1:10 - 1:50The ground field method and the number of solutions of systems of polynomial equations over finite fields - Ivelisse Rubio, University of Puerto Rico11th Floor Lecture Hall 
1:55 - 2:35On the Global Well-Posedness of a PDE model for Criminal Behavior - Nancy Rodriguez, Stanford University11th Floor Lecture Hall 
2:40 - 3:00Short Break (with coffee available)11th Floor Collaborative Space 
3:00 - 4:00A Statistician’s Tour of Duty in the World of Drug Discovery - Joaquin Bustoz, Jr. Lecture- Jacqueline M. Hughes-Oliver, George Mason University11th Floor Lecture Hall 
4:00 - 4:00Introduction of Prize Winner - Introduction by Trachette Jackson11th Floor Lecture Hall 
4:00 - 5:00A Spatial Model of Mosquito Host-Seeking Behavior - Ricardo Cortez, Tulane University11th Floor Lecture Hall 
5:30 - 6:30Cash Bar ReceptionWestin Hotel, Providence 
6:30 - 6:35Seated for BanquetWestin Hotel, Providence 
6:35 - 7:00Remarks and Awarding of Blackwell-Tapia PrizeWestin Hotel, Providence 
7:00 - 9:00Banquet: Food Served/Buffet OpenWestin Hotel, Providence 

Ricardo Cortez Awarded 2012 Blackwell-Tapia Prize

The National Blackwell-Tapia Committee recently announced that Professor Ricardo Cortez of the Mathematics Department at Tulane University was awarded the 2012 Blackwell-Tapia Prize. The prize recognizes a mathematical scientist who has contributed significantly to research in his or her field of expertise and who has served as a role model for mathematical scientists and students from underrepresented minority groups or has contributed in other significant ways to addressing the problem of the underrepresentation of minorities in mathematics. Dr. Cortez is internationally regarded as a leading researcher in fluid dynamics and mathematical modeling. He has also been a leader in undergraduate mentoring and the development of training opportunities for underrepresented minority students in the mathematical sciences. Dr. Cortez will be the guest of honor at the Seventh Blackwell-Tapia Conference at ICERM on November 9-10, 2012. Read the full annoucement.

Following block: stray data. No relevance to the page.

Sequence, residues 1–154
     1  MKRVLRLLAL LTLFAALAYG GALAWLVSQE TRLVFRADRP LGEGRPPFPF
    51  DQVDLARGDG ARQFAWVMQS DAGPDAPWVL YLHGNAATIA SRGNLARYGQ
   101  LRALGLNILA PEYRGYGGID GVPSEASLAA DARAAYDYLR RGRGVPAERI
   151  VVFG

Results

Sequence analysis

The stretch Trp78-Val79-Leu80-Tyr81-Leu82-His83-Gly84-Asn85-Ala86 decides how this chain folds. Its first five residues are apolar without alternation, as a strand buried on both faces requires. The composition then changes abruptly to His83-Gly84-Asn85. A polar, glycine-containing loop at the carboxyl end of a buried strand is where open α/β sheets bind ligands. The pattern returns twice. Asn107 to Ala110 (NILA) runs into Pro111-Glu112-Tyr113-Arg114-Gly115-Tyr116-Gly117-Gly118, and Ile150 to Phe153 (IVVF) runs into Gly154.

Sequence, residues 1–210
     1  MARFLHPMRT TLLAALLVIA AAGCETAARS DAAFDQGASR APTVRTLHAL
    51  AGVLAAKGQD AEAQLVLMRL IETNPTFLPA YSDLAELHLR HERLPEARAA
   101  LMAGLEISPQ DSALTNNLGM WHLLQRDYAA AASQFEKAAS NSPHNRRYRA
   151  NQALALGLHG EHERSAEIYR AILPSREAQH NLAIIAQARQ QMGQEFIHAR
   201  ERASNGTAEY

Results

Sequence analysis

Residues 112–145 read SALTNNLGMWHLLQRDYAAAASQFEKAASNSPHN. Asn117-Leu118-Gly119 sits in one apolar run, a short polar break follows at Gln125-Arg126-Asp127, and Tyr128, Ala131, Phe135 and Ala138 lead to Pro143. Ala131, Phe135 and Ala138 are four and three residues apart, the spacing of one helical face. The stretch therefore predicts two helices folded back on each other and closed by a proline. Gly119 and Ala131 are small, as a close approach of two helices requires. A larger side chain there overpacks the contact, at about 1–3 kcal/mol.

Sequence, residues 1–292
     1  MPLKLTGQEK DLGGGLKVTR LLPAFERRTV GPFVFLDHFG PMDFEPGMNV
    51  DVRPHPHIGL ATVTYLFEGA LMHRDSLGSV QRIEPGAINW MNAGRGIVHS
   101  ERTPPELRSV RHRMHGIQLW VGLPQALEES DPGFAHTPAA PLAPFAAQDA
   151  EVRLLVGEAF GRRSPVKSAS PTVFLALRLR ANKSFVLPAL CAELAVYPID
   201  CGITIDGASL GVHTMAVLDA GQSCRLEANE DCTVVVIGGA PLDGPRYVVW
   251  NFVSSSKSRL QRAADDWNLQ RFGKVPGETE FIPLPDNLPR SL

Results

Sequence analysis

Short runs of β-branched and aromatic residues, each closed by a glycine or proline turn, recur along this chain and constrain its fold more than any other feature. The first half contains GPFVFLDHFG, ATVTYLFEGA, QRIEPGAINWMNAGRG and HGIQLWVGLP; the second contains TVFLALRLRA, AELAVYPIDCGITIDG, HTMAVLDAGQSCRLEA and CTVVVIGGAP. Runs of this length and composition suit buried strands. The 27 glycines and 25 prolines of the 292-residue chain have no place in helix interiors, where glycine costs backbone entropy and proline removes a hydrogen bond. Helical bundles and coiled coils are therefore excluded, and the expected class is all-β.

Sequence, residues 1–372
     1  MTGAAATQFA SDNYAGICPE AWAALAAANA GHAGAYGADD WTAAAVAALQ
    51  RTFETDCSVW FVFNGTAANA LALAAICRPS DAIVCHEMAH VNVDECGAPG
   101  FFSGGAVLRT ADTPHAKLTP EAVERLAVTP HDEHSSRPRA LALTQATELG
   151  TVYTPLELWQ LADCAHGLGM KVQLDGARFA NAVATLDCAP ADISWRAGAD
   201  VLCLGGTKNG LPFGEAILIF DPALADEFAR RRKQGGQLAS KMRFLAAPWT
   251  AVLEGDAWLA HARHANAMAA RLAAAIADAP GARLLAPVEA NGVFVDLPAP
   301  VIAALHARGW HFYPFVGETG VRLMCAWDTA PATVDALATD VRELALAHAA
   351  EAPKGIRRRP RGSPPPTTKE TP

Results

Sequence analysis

Photo by Paula Burch-Celentano

The biennial Blackwell-Tapia Prize was established in 2002 by the Mathematical and Theoretical Biology Institute and the Mathematical Sciences Research Institute in honor of the late David H. Blackwell and Richard A. Tapia, distinguished mathematical scientists who have been inspirations to more than a generation of African American and Latino/Latina students and professionals in the mathematical sciences. A consortium of U.S. mathematics institutes, which host the conference in turn, supports the conference at which the prize is awarded. Previous hosts have been MSRI (2002), IPAM (2004), IMA (2006), SAMSI (2008), and MBI (2010).

The initial Blackwell-Tapia Conference was organized at Cornell University in 2000 by MTBI Director Carlos Castillo-Chavez. In 2002, MSRI Director David Eisenbud suggested the addition of the prize to succeeding Blackwell-Tapia Conferences. This prize is funded by a generous donation from Cornell secured by Castillo-Chavez. Previous recipients of the Blackwell-Tapia Prize are Arlie Petters (2002), Rodrigo Bañuelos (2004), William Massey (2006), Juan Meza (2008), and Trachette Jackson (2010). A more detailed version of the history can be seen at the Mathematical Sciences Institutes Diversity Initiative website.